severe to extreme pain (Table 3) at some time during tions. A similar trend was noted for surgical inpatients
their postsurgical recovery period. A larger propor- and outpatients; however, outpatients were slightly
tion of inpatients experienced severe to extreme pain less satisfied. Approximately 90% of inpatients and
than did outpatients. Also, a larger proportion of fe- 85% of outpatients were satisfied with their pain med-
male patients reported experiencing pain after surgery ications, compared with only 2% of inpatients and 4%

Table 2. Patient Concerns Before Undergoing Surgery

Inpatient Outpatient Total
Concerna (n ⫽ 129) (n ⫽ 121) (n ⫽ 250)
Pain after surgery 57% 61% 59%
Whether surgery would improve condition 47% 55% 51%
Full recovery from surgery 50% 41% 46%
Pain during surgery 36% 30% 33%
Treatment by health care professionals 32% 27% 30%
Don’t know/refused 19% 12% 16%
Patients could choose more than one concern.

Table 3. Presence of Pain and Most Intense Pain Experienced

Variable Any pain Slight pain Moderate pain Severe pain Extreme pain
Overall pain
Total 82% 13% 47% 21% 18%
Inpatient 86% 10% 43% 24% 23%
Outpatient 79% 17% 52% 18% 14%
Pain before discharge
Total 58% 14% 43% 23% 21%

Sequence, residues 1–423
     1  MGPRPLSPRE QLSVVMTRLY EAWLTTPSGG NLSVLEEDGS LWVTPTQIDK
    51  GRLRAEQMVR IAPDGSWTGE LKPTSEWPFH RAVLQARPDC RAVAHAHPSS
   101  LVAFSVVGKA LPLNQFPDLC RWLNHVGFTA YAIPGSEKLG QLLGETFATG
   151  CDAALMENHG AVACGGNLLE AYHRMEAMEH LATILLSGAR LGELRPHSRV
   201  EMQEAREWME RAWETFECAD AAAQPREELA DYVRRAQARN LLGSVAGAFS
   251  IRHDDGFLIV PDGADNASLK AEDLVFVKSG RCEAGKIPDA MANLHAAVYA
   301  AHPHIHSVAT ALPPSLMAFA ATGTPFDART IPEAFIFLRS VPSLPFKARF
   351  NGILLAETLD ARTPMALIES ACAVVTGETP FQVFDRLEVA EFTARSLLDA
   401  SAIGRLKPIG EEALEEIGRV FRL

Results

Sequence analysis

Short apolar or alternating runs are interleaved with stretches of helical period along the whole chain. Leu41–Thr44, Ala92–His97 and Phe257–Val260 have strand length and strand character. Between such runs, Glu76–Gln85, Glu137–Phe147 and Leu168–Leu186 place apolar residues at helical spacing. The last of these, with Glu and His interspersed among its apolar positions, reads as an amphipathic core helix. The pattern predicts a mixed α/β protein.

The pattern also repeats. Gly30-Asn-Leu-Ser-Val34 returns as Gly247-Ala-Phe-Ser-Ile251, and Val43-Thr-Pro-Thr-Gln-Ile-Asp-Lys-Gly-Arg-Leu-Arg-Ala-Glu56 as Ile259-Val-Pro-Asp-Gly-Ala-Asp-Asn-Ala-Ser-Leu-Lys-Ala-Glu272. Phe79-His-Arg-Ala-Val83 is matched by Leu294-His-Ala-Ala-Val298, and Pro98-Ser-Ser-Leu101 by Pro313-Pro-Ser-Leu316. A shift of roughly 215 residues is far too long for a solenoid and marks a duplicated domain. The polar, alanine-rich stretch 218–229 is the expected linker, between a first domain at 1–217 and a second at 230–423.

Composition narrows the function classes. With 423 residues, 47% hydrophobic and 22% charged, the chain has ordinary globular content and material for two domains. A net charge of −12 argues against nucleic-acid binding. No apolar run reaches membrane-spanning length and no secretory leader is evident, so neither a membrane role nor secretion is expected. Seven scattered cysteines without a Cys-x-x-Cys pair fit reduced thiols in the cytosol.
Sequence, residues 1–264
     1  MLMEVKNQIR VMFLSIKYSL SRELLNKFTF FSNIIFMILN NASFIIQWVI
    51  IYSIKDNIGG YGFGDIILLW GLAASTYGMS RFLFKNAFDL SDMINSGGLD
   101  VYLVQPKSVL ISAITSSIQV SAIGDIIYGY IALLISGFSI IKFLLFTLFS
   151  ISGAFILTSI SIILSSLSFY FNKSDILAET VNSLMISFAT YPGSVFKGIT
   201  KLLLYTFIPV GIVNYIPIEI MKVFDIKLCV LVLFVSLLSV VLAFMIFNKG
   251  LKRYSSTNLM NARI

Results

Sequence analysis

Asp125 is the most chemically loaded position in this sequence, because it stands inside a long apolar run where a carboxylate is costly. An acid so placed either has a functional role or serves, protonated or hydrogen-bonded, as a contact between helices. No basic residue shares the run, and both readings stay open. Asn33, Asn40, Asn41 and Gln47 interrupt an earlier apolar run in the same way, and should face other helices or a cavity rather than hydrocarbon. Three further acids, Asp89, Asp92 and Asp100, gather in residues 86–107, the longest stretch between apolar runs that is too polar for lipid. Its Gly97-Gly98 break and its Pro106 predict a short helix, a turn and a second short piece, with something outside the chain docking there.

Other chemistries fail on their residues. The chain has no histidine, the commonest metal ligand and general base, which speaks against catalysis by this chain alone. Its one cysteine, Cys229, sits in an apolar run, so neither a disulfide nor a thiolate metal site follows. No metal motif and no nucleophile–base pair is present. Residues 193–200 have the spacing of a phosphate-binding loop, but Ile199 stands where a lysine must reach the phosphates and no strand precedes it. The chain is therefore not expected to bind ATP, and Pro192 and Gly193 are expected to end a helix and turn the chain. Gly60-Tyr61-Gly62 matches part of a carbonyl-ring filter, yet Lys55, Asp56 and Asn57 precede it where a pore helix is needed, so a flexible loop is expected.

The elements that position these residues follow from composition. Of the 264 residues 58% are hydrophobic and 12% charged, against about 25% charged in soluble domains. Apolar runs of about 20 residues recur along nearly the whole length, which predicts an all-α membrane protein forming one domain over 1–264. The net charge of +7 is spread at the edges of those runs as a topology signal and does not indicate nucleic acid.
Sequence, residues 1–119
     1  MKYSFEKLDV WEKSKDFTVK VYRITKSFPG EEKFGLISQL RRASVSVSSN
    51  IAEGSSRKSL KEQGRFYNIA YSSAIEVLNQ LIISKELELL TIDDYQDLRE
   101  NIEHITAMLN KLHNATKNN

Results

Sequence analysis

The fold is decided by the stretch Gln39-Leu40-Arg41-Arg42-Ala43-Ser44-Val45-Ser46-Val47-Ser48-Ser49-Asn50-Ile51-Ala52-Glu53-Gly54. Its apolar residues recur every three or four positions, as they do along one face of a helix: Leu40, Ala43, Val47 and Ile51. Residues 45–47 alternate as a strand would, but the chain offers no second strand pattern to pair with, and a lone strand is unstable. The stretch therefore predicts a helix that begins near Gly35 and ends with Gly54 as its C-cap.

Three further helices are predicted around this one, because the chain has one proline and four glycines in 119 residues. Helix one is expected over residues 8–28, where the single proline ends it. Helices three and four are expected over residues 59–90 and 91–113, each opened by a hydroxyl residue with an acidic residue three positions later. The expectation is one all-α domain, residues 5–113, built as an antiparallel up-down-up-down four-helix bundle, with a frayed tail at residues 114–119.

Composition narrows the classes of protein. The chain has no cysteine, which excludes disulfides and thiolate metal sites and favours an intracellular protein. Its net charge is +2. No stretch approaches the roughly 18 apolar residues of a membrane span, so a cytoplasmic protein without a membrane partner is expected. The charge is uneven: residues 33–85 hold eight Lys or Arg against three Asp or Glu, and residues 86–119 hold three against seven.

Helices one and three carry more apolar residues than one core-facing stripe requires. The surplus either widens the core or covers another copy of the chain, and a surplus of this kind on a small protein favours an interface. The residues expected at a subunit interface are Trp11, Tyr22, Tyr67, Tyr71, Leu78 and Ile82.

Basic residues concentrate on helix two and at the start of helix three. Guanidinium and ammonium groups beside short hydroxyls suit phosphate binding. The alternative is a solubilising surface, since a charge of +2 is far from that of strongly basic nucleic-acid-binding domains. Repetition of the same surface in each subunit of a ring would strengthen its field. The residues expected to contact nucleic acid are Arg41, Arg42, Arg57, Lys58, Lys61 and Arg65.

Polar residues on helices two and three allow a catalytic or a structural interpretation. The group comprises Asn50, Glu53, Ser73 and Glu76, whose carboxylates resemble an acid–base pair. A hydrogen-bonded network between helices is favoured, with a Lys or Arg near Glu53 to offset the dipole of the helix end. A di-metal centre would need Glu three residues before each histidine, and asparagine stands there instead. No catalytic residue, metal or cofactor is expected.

Inpatient 73% 12% 40% 23% 25%
Outpatient 43% 18% 47% 22% 14%
Pain after discharge
Total 75% 20% 52% 21% 8%
Inpatient 78% 19% 52% 22% 7%
Outpatient 71% 20% 52% 19% 9%
Percentages for individual pain levels are based on the number of patients experiencing any pain. Total patients ⫽ 250, inpatients ⫽ 129, outpatients ⫽ 121.
Overall pain experienced in the period after surgery until 2 wk after discharge.

Table 4. Pain Experience of Patients with Surgery Within the Last Year and Longer Than One Year
Time since surgery ⱕ1 yr Time since surgery 2–5 yr
Pain experience (n ⫽ 125) (n ⫽ 125)
Any pain 101 (80%) 105 (84%)
Worst pain experienced
Slight pain 19 (19%) 8 (8%)
Moderate pain 44 (44%) 53 (51%)
Severe pain 16 (16%) 28 (27%)
Extreme pain 22 (22%) 16 (15%)

of outpatients who were dissatisfied with their pain Approximately two thirds of patients reported that
medications. The percentage of patients reporting a health care professional talked with them before
“very satisfied” or “satisfied” was 90% in the inpatient surgery about how their pain would be treated (Table
group, compared with 84% in the outpatient surgical 7). Overall, nurses were more likely than other health